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Re: Requesting a revision of RFC3023

From: C. M. Sperberg-McQueen <cmsmcq@acm.org>
Date: 17 Sep 2003 21:54:07 -0600
To: MURATA Makoto <murata@hokkaido.email.ne.jp>
Cc: ietf-xml-mime@imc.org, WWW-Tag <www-tag@w3.org>
Message-Id: <1063857247.2449.14.camel@localhost>

On Wed, 2003-09-17 at 17:34, MURATA Makoto wrote:
> On Wed, 17 Sep 2003 14:10:53 -0400
> Francois Yergeau <FYergeau@alis.com> wrote:
> > But stating that "most XML is not text for casual users" says that there is
> > no loss in deprecating text/*xml (save perhaps transition issues), the text/
> > top-level buys nothing of value.
> Agreed.

I'm sorry to see two people whose opinions I value so highly
agreeing with a position that so troubles me.  One of the 
most important characteristics of XML, as compared with many,
many competing formats for the storage and/or transmission of
data is that it is textual (in the sense of being conceptually
a sequence of characters, and represented on the wire -- at least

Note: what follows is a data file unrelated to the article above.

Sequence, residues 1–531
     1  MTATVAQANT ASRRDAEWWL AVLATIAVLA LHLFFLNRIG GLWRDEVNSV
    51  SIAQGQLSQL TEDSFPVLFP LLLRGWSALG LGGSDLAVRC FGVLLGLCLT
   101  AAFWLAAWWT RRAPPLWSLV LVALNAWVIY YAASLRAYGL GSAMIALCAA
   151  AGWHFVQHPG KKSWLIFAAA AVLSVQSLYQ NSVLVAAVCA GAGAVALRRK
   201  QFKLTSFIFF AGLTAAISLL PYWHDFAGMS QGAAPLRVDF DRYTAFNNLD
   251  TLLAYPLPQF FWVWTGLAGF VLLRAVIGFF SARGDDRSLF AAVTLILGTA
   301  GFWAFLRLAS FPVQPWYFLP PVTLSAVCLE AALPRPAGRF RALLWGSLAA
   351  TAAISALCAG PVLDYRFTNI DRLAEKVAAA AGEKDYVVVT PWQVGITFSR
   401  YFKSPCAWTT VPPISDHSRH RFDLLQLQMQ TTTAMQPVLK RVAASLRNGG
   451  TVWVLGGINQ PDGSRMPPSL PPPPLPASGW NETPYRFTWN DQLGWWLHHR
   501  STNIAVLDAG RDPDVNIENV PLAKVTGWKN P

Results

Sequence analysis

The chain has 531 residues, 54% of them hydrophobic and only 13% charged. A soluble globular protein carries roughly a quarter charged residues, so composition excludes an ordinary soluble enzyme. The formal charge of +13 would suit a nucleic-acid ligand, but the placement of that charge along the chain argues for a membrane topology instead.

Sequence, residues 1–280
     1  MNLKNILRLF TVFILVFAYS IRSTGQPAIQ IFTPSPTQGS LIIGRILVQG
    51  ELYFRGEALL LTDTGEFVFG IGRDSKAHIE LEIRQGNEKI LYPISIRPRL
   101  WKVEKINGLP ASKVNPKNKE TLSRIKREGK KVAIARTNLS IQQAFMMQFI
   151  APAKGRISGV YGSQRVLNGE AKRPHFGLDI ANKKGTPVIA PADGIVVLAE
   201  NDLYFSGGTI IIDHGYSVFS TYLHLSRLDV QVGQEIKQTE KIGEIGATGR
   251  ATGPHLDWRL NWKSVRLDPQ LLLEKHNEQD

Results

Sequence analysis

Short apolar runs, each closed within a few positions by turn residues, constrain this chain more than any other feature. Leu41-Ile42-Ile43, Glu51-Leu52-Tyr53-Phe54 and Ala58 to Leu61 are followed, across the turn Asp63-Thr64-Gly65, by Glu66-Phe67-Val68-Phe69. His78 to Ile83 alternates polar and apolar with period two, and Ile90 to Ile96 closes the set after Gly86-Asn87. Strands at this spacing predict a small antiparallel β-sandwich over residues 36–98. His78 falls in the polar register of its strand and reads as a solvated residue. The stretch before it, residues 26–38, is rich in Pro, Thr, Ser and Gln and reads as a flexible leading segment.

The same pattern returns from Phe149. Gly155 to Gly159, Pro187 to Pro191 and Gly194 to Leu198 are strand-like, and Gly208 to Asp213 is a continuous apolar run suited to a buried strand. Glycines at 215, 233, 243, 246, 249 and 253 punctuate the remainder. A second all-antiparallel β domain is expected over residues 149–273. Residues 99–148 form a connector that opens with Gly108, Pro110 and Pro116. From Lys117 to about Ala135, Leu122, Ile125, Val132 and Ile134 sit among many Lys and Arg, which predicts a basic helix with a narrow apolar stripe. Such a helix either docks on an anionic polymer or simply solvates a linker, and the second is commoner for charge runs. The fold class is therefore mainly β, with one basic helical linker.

so far -- as such).  Since much of the XML which I care about
is also a digital representation of texts (in the sense of
being natural-language utterances with a certain degree of
intra-document linguistic and thematic cohesion), it troubles
me to think that labeling XML as text buys us nothing of
value.  On the contrary, I think: it stresses two important

I assume that both of you are thinking primarily of browser 
fallback behavior, and reflecting your view that users will
be able to make nothing of XML source if they are confronted
with it -- in that context, I understand, the proposition you
endorse is at least plausible.  Even there, though, I don't
find it compelling:  much XML is quite legible to naive humans --
as legible as anything displayed without much intelligent
formatting will ever be.  And for some humans, almost all XML
is legible without special tools.  (I recognize that the latter
group is a relatively small minority of the human population.)

-C. M. Sperberg-McQueen
Received on Wednesday, 17 September 2003 23:54:29 UTC

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